An independent 2012 study by Tripp Umbach found that NHAs’ overall annual economic impact in the U.S. is $12.9 billion, which significantly exceeds the amount of federal funding provided to NHAs by as much as 5:1. The economic impact is comprised of three main areas: tourism, operational expenditures, and grantmaking activities; the majority of impact (99 percent) is generated by tourism spending.
The economic impact is significant in two ways:
• $4.6 billion in direct impact, which includes tourist spending, NHA operational expenditures, and grantmaking activities.
• $8.3 billion in indirect and induced impacts, which includes employee spending and businesses supporting the tourism industry.
Legislation to Establish a National Heritage Areas System
While Congress has established forty-nine NHAs as of April 2017, it has not enacted any organic act that would ensure consistency of congressional designation, local administration, and National Park Service assistance. Pending in the present 115th Congress is H.R.1002, the National Heritage Area Act of 2017, introduced by Representative Charles W. Dent (R-15th-PA) and twenty-six cosponsors (sixteen Democrats and ten Republicans) from ten states. Here’s the official summary of the legislation:
National Heritage Area Act of 2017
This bill establishes a National Heritage Areas System to recognize certain areas of the United States that tell nationally significant stories and to conserve, enhance, and interpret the areas’ natural, historic, scenic, and cultural resources that illustrate significant aspects of U.S. heritage. Through such system, the Department of the Interior may provide technical and financial assistance to local coordinating entities to support the establishment, development, and continuity of such areas.
The system shall be comprised of:
• such areas designated by Congress under this bill;
• such areas designated after enactment of this bill, unless the law designating the area exempts it from inclusion in the system; and
• 49 specified areas; and
• any other national heritage areas designated before this bill’s enactment.
National heritage areas shall not be considered to be units of the National Park System.
Interior shall: (1) undertake studies as directed by Congress to assess the feasibility of designating proposed national heritage areas, (2) approve or disapprove the management plan prepared by the local coordinating entity for an area, and (3) evaluate the accomplishments of an area every 10 years after its designation and submit a recommendation on whether federal funding for such area should be continued, reduced, or eliminated.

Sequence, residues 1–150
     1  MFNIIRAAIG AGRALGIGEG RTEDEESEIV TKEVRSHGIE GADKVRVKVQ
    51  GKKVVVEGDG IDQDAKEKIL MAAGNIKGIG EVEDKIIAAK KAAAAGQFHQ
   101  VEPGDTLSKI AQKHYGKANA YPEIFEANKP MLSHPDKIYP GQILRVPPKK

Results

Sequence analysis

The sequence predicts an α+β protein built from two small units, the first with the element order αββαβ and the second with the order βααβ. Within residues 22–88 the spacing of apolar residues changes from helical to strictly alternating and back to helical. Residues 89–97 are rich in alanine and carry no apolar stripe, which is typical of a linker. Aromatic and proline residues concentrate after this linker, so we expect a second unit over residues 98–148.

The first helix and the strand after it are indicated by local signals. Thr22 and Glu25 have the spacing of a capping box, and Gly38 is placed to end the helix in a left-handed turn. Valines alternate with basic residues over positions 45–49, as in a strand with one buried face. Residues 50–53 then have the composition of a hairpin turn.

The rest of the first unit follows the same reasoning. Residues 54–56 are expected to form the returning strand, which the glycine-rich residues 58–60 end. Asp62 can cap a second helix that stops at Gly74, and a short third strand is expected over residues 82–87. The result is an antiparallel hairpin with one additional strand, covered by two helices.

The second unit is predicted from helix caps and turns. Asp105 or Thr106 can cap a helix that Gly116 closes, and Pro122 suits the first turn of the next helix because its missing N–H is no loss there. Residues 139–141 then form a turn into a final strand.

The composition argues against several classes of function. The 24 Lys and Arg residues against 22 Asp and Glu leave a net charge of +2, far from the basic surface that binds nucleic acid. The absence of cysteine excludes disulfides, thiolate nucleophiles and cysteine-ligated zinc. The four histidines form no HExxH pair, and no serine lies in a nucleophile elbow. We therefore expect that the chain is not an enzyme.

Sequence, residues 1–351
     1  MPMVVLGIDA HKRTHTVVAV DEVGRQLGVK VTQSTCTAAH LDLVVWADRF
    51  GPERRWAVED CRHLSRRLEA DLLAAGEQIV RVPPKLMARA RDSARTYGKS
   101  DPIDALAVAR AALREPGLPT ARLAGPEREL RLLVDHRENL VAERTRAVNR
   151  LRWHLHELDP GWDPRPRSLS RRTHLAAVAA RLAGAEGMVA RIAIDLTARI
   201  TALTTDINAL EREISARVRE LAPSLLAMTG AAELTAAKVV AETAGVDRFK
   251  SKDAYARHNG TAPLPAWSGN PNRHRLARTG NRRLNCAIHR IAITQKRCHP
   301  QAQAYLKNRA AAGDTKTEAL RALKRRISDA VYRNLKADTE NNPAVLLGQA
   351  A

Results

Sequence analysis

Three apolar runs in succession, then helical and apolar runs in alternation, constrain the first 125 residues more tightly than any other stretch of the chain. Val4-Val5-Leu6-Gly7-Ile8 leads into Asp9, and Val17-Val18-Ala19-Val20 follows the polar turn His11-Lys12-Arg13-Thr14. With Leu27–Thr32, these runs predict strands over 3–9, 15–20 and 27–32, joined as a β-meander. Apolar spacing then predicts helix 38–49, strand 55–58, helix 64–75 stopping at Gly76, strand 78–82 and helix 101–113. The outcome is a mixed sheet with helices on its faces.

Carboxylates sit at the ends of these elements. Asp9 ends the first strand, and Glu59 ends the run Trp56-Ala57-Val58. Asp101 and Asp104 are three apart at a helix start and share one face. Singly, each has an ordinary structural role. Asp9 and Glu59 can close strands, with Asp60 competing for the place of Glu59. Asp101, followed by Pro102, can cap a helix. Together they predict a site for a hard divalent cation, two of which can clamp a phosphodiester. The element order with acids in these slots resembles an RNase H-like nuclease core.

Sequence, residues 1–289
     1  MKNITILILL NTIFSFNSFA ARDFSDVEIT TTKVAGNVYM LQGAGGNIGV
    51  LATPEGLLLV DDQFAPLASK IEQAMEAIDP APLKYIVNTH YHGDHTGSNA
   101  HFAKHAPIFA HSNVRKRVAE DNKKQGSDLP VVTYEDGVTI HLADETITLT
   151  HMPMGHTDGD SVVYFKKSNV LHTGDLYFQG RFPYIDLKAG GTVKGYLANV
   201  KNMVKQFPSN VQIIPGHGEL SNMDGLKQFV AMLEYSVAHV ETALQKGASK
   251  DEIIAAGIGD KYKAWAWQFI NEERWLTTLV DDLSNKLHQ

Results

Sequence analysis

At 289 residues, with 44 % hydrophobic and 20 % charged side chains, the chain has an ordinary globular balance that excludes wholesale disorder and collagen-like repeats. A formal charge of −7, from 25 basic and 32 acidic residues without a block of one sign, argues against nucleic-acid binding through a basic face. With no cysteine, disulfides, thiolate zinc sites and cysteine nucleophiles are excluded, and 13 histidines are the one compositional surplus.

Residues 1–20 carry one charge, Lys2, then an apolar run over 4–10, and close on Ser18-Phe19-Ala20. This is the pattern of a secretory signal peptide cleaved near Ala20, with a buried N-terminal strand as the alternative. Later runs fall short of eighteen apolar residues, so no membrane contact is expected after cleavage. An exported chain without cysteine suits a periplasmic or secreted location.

The bill: (1) specifies the criteria that Interior shall apply to determine the suitability and feasibility of designating proposed national heritage areas, and (2) states that the designation of an area shall be by federal statute and contingent on the prior completion of a management plan and an affirmative determination by Interior that the area meets such criteria.
Potential National Heritage Areas in Oregon
The number of NHAs that Congress could designate in Oregon is limited only by local imagination—and follow-through. Here are the first two that came to my mind:
• Redwoods–Wild Rivers Coast (southern Coos and Curry counties, and Del Norte County, CA)
Think coast redwoods, Port Orford cedars, wild rivers, old-growth forests, historic logging, cranberry bogs, Aleutian Canada geese, darlingtonia bogs, Easter lilies, covered and other historic bridges, microbreweries, wilderness areas, fresh seafood, rare and unique wildflowers, saltwater taffy, Oregon myrtle / California bay trees, rocky ocean views, Pacific salmon, Oregon Coast Trail, and the site of the only aerial bombardment of the U.S. mainland in World War II.
• Serpentine Siskiyou (the watershed of the Illinois Valley in Josephine County)
Think extraordinary biological diversity of trees and flowers, wineries, wilderness areas, historic mining areas (the northernmost extension of the California gold rush), salmon and steelhead, darlingtonia bogs, Kalmiopsis leachiana, historic smoke jumpers, local cron (sic) for sale, and historic Kirbyville.
And how about these:
• Mouth of the Columbia (Clatsop and Columbia counties, OR, and Wahkiakum and Pacific counties, WA)
• Basque Country (Jordan Valley in Malheur County)
• Heart of the Willamette Valley (Polk, Yamhill, Linn, and Benton counties)
• Sauvie Island (Multnomah and Columbia counties)
• South Umpqua Watershed (Douglas County)
• Blue Mountains (Wallowa, Umatilla, Grant, Union, Wheeler, and Baker counties)
• Oregon High Desert (Lake and Harney counties)
• Basin and Range (Harney and Lake counties)
• Tillamook Valley (Tillamook County)
• Willamette Falls (Clackamas County)
• Fossils, Wheat, and Wind Towers (Wheeler, Gilliam, and Morrow counties)
• Willamette River (Lane, Benton, Linn, Polk, Yamhill, Clackamas, and Multnomah counties)
• Applegate Valley Water, Wildlife, Walks, and Wine (Jackson County)
NHAs are a conservation tool—not just for the conservation of natural values but also for the conservation of history and culture. NHAs are managed cooperatively by local interests; no federal regulation is involved. Federal assistance is given through the National Park Service to help communities first study, then establish and eventually manage and market NHAs as tourist attractions. NHAs do not replace but rather complement conservation areas (such as wilderness, wild and scenic rivers, national monuments, and national recreation areas) on federal public lands.
[This post was adapted from the just-published Larch Occasional Paper #22, entitled National Heritage Areas: Combining the Conservation of Nature, History, and Culture with Local Economic Development.]